By William Lashner

Thomas & Mercer. 385 pp. $14.95 paperback

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If they gave a Pulitzer Prize for snappy dialogue, William Lashner would be a betting favorite every time.

Dialogue is a big part of what makes crime fiction go. "Show, don't tell" is OK advice, but the giants of the genre - Elmore Leonard, Raymond Chandler, Ross McDonald, Dashiell Hammett - knew conversation counts. Let the characters tell the tale.

Consider the volley on the first page that sets Bagmen's mood. Philly criminal lawyer Victor Carl is visiting Boyds to buy some duds for a political bash, a form of social gathering hitherto unknown to him, and he's sparring with sales clerk Timothy over some pricey and foppish footwear:

Politics, stripped of its masquerade of policy, is an exercise in pure personal ambition. Right up my stinking alley, you would think. But the shoes gave me pause.

"You've got to be kidding me," I said.

"I never kid, Victor, about $500 shoes."

"Five hundred? For a pair of slippers? I'd sooner go barefoot."

"You might as well, if you intend to wear those . . . those clodhoppers you came in with."

"They're my normal work shoes."

"What kind of work, Victor, exterminating? Because I've no doubt they're lethal on cockroaches, but they just won't do with a tuxedo. Now this fine pair of Guccis would be just perfect."

"They have bows on them, Timothy."

"You'll be the belle of the ball."

"That's what I'm afraid of."

And off we go, to follow Victor on his adventures in the demimonde of Philly's political fixers, the bagmen, the good folks who make sure favors are dispensed to supplicants. Blessed are they who have a friend who has friends in City Hall.

Victor is an essentially decent man. It's just that his moral compass wobbles badly in the presence of money. Not that a whole lot of money has been coming Victor's way. His practice of law has been, to put it politely, undistinguished: "a desolate territory of bounced checks, lying clients and lost causes."

Then Melanie Brooks shows up, a law school classmate and erstwhile idealist whose "sincerity had somehow been battered to death like a baby seal." She asks Victor to take over a case in which she is representing one Colin Frost, who has "some political connections" and is charged with possession of heroin with intent to distribute. (No equation intended between the first and second of those activities).

Quick as you can say "sleazy," Victor gets Colin off, deftly using some information supplied by Melanie to put pressure on the judge. Turns out Victor's court appearance was really a test, and he's passed with lurid colors. The seedy little victory wins him the favor of Melanie's law firm, Ronin & McCall, and the chance to pick up some work, since Colin, though not headed for jail, will be doing a stint in rehab. "He does some work for us," Melanie explains. "Independent contractor stuff, you know the drill. Limited knowledge, limited responsibility."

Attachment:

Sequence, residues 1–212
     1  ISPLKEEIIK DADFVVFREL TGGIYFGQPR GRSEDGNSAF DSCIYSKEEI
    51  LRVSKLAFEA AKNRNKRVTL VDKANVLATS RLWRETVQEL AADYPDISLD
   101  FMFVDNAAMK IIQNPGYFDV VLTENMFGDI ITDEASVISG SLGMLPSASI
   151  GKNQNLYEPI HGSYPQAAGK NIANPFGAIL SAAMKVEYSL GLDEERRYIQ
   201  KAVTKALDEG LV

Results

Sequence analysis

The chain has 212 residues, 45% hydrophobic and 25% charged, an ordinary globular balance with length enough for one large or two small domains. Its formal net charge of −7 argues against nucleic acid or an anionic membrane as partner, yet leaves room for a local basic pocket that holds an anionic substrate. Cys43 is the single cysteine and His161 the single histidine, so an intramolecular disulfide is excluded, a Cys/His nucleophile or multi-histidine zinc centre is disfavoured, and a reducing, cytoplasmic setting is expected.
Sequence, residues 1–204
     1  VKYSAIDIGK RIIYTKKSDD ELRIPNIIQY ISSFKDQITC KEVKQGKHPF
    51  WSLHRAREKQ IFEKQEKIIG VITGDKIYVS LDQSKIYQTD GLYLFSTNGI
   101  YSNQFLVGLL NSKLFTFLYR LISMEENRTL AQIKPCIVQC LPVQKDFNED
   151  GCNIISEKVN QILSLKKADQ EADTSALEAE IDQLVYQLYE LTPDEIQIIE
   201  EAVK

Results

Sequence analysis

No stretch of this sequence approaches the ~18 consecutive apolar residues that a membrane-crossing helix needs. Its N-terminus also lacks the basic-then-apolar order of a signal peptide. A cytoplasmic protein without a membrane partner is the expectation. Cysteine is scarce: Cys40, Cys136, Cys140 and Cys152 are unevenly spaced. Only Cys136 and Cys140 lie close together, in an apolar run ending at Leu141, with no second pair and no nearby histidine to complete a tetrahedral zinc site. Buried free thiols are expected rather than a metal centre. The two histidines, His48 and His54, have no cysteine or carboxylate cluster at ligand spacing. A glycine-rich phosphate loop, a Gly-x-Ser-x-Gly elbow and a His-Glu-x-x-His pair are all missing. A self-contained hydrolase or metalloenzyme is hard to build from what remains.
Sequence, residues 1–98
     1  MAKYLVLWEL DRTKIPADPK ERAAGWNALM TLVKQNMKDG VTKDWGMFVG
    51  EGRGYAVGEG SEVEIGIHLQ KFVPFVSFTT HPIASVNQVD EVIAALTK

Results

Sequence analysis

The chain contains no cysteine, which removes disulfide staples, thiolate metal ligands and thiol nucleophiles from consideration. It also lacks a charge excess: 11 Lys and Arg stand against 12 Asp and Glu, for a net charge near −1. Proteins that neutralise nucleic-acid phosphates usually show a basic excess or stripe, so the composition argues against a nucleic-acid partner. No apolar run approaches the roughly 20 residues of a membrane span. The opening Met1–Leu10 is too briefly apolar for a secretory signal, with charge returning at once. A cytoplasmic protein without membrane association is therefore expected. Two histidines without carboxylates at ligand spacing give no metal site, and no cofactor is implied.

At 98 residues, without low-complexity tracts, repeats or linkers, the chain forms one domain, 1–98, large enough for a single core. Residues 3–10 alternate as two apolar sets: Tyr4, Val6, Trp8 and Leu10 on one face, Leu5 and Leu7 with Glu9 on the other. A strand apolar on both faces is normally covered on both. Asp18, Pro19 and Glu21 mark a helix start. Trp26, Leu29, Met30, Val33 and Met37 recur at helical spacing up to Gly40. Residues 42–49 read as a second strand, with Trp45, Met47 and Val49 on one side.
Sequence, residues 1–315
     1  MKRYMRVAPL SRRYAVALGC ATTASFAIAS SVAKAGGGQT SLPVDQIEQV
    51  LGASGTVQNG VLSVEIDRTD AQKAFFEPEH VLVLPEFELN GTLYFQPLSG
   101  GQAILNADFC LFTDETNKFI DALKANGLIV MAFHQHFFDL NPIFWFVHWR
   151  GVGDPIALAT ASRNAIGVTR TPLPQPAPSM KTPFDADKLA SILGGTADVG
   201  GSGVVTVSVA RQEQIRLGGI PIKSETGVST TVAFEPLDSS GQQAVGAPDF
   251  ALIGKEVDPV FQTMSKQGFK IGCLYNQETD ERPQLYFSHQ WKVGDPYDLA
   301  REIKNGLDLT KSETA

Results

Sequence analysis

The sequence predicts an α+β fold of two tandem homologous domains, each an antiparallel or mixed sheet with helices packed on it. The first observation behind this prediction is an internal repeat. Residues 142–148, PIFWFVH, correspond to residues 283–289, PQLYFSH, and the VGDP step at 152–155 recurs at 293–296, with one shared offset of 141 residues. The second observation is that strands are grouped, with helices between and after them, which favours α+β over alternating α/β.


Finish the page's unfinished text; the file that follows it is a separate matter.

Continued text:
Melanie's law firm has a profile so low Victor hasn't ever heard of it. Why? "Maybe because it has an exclusive clientele that would rather remain nameless," Melanie says.

Are they criminal lawyers? "More like jungle guides," she answers.

Now Victor figures it out: "So you're legal fixers," he says.

"Of a type, yes. But if you want something achieved in this world, you need someone like us. Ronin & McCall. We Get It Done. That's our motto, or maybe it's Pay Up. I sometimes get them confused."

Uh-oh, Victor. Better run. But you know he won't.

Victor's new work includes cleaning up messes for a Pennsylvania congressman with a voracious sexual appetite who needs somebody to restrain him, not guide him. When Victor's work on his behalf gets one woman killed, Victor is horrified. When it gets a second one killed, we find the point where Victor's moral compass stops wobbling.

Lashner, a former prosecutor with the U.S. Department of Justice who has traded law for full-time writing and who lives in the Philadelphia area, lays down a twisting plot line but has the narrative skill to keep the reader on the road.

Politicians don't fare well here. Lashner's skewering of the pols is hilarious and merciless and maybe a little too easy, given how many people apparently think politics is the eighth deadly sin.

Although the book is set in Philly, it doesn't really have a lot of local flavor, unless you count political corruption as a purely Philadelphia phenomenon, which is tempting but, even in the shadows of City Hall courtyard, implausible.

Lashner has a talent for creating memorable characters - or maybe caricatures would be a better word. Either way, they're a lot of fun. He introduces Victor to a group of bagmen who in another era would have done Damon Runyan proud. Especially amusing is Maud, "eyes . . . coldly blue, . . . blonde hair . . . hacked short, . . . face pockmarked, . . . body. . . all sharp edges and angles," a female fixer with loads of friends in City Hall. "If you want anything zoned, anything cleaned up or knocked down, anything cleared or shut down by Licenses and Inspections, anything from the Sheriff, the Prothonotary, the Register of Wills, anything anywhere in city hall, no matter how high up, she's the one you want to talk to. And she's a great friend of the mayor's."

Ah, corruption. So sad to read about in the paper, so much fun to read about in Bagmen.